By: Sarah Snyder
LEA COUNTY, NEW MEXICO - Lea County organizations tell NewsWest 9, the number of domestic violence cases are "incredible." In just the past year their numbers have tripled. One safe haven in Hobbs is trying to sort it all out.
Dinora Carrejo-Guthrie started Option, Inc. 30 years ago, counseling and housing victims of domestic violence. She's seen quite a few changes over three decades but none quite like this: last year they served over 1,000 Lea County clients. This year, it's over 3,000.
"The alcohol and all these things or just a combination, is wreaking havoc in this area," Dinora Carrejo-Guthrie, Executive Director of Option, Inc. said. "I don't know what to think half the time. I've been here 30 years and it's just increased so much."
The counselors have pinpointed two main reasons for the increase: the souring economy and a new influx of families moving in to work at the WCS and LES plants.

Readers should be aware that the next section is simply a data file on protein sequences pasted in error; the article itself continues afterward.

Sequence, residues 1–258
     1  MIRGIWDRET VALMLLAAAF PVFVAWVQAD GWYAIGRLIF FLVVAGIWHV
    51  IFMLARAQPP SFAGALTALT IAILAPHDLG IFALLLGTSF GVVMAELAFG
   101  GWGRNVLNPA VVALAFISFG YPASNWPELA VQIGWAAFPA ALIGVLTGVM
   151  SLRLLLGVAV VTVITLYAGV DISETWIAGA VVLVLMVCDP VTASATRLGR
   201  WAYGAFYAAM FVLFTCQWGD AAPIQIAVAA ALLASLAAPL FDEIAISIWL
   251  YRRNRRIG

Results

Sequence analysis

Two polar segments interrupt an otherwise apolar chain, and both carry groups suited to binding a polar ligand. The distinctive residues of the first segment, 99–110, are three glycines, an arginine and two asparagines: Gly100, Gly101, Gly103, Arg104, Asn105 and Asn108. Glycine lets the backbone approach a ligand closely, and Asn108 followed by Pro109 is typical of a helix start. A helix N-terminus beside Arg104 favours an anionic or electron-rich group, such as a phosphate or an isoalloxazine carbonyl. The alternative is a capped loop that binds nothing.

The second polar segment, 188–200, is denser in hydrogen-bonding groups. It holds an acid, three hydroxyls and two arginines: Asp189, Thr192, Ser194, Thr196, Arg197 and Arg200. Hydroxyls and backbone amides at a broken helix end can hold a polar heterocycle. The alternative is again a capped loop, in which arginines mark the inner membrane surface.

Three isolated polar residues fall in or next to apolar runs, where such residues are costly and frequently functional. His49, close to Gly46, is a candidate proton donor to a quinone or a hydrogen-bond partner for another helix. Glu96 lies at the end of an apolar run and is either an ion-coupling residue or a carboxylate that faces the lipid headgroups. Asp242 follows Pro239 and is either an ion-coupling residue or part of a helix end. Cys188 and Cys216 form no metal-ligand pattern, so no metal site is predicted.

"Abusing verbally, physically, sexually," Guthrie said. "There are all types of abuse that go on. It's not just physical."
Not only is the shelter packed, but they're filing more restraining orders than ever. Typically they had two or three a day, now they're up to eight.
"We have to now make appointments for them which is difficult, because so many times people want an immediate restraining order," Guthrie said.
Hobbs Police Officer Mike Stone tells NewsWest 9, he would rather go to an armed robbery than a domestic violence call. Those calls are often the most dangerous - sending officers into severe emotional turmoil.
"We deal with domestic violence all the time on a 24 hour basis," Officer Stone said. "It's roughly one or more calls per hour."
Now Options Inc. is not only taking care of the victims, they're holding counseling services for the men and women offenders.
"What we were doing was just putting a bandaid on women - putting them in a shelter and helping them out as much as we could," Guthrie said. "We needed the source which was the abuser and they needed to learn."
Guthrie also said one of her biggest concerns right now is funding. She recently learned the state would be cutting back on many agencies and they're in a holding pattern to find out how those cutbacks will affect the shelter.